|Date(s):||January 13, 1820|
|Course:||“Rise And Fall of the Slave South,” University of Virginia|
|Rating:||2 (1 votes)|
In a letter to her father, Louisiana Cocke wrote that she missed him and was looking forward to his return. Louisiana wrote, I begin to be quite impatient for your return, as I am anxious to return to my studies... This demonstrates the close relationship of General Cocke and his daughter. He also apparently, served as her tutor while he was home. Families in the antebellum South were close- knit structures, because of the distance between neighbors. The detachment created less opportunity for friendship outside of the family, and produced families that were a close unit.
According to Charles Wilson and William Ferris, the father acted as the head of the household and was responsible for the overall support of the family. All of his family was identified through him. Children had a special relationship with their father even though he was absent most of the time, especially in the case of General Cocke. The legendary Southern father was much like the myth of the Southern gentleman: well- educated and genteel, with a firm and commanding personality, which demanded deference from all family members and from nonaristocratic whites. The father was a loving father, but oftentimes pulled away from their male children as they aged.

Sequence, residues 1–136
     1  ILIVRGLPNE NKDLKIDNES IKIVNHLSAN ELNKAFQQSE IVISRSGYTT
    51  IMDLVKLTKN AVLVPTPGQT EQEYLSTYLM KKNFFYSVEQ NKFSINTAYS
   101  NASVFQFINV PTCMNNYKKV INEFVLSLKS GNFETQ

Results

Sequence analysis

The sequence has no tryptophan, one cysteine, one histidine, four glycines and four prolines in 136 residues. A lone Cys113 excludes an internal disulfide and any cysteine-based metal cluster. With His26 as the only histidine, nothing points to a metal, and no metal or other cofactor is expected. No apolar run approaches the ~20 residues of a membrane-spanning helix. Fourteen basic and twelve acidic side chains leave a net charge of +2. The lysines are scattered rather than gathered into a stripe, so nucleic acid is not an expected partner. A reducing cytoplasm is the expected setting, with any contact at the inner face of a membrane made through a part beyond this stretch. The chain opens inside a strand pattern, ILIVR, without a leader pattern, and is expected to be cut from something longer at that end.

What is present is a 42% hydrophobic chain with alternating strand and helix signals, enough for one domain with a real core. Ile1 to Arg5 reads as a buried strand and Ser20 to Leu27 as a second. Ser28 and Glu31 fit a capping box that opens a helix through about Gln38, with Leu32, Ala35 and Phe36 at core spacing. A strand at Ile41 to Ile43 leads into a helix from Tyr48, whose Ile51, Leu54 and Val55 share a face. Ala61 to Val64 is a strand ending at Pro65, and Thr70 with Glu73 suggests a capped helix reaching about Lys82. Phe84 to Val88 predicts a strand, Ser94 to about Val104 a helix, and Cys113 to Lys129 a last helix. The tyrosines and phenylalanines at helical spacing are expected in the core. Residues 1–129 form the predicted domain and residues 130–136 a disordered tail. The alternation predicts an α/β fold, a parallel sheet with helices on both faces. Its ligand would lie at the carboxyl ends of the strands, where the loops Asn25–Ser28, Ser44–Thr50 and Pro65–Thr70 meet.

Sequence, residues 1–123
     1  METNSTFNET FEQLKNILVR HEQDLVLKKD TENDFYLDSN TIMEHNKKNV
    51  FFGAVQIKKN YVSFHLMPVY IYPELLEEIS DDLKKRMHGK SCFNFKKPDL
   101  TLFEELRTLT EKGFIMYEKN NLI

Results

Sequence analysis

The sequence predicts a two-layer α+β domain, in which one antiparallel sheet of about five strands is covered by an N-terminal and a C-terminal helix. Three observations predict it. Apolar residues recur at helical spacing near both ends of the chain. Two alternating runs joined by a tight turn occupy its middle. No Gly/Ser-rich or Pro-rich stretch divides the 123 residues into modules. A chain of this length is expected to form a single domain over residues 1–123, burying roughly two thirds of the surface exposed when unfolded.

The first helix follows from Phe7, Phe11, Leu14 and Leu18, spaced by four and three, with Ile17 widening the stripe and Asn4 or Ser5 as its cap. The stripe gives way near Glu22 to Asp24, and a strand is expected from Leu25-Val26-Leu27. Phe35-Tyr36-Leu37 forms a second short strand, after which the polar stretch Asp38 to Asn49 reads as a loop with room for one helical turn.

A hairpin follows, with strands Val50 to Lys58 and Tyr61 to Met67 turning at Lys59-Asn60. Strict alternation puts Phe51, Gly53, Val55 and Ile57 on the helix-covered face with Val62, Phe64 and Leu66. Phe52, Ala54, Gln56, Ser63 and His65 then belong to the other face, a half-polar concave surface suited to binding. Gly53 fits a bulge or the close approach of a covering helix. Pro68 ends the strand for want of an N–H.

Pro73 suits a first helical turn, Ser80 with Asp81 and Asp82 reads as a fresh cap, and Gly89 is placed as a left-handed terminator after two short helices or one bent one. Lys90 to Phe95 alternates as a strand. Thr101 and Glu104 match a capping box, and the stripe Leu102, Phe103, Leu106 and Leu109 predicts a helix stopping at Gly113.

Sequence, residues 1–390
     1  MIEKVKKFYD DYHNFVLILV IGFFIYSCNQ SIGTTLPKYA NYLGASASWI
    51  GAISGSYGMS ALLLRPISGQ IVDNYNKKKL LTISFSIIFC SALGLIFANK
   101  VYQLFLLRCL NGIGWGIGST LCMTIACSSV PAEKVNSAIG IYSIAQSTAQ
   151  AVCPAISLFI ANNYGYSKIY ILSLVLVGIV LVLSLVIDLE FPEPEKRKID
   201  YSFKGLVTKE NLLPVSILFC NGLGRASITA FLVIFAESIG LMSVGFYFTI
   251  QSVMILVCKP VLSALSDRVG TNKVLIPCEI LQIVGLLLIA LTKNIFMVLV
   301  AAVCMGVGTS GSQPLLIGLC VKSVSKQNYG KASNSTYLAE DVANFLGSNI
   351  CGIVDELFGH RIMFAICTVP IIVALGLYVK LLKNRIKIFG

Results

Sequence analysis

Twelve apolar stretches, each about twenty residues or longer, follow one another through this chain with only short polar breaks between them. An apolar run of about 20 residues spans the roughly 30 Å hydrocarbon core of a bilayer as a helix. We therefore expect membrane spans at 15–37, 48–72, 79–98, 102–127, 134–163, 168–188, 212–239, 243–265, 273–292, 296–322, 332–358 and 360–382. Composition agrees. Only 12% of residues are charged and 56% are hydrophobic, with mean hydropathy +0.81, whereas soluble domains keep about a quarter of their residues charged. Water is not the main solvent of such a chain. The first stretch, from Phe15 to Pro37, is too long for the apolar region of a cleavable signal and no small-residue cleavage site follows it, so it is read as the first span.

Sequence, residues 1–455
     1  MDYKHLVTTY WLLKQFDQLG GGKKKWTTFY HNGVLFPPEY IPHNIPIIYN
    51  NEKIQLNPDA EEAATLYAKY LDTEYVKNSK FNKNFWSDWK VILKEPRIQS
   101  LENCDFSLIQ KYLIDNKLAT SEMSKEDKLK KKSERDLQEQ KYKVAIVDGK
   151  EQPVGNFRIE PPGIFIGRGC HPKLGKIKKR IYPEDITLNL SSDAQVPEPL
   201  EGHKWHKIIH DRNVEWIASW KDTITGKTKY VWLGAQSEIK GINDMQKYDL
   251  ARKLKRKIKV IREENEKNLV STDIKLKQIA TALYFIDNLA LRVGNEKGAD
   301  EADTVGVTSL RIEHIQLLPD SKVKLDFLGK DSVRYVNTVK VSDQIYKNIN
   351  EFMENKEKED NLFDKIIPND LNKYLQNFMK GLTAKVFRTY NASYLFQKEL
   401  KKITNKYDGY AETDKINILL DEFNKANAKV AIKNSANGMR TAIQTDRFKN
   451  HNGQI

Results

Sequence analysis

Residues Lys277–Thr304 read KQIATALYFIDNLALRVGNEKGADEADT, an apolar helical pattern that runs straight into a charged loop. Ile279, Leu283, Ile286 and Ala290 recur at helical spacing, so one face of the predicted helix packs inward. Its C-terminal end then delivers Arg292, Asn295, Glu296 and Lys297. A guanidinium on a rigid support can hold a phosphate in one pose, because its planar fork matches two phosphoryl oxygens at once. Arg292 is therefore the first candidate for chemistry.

Both parents were seen as role-models to their children. In her letter, Louisiana expresses that she is ready for her father to get home so she can continue her studies, enforcing the fact that she looks up to her father and sees that she has something to learn from him. Both parents in wealthy families took little care of their children as infants, but became infinitely closer to their children by the time they were two or three. Children's roles were oftentimes separated by gender by the time they were pre-teens.
Even though parents were not always the primary caregivers in wealthy southern families, they became closer as they grew past the care giving age. Parents cared about their children's futures and how they learned to interact with others. Since family farms and plantations were spread out in the South, people did not come in close contact with others on a regular basis. This isolation led families to develop closer relationships. The strict rules at home encourage family members to respect each other and to know their place in the family. Louisiana's letter was typical of this attitude because she showed a deep admiration for her father, but at the same time she was very anxious to see him again because of their special relationship with each other.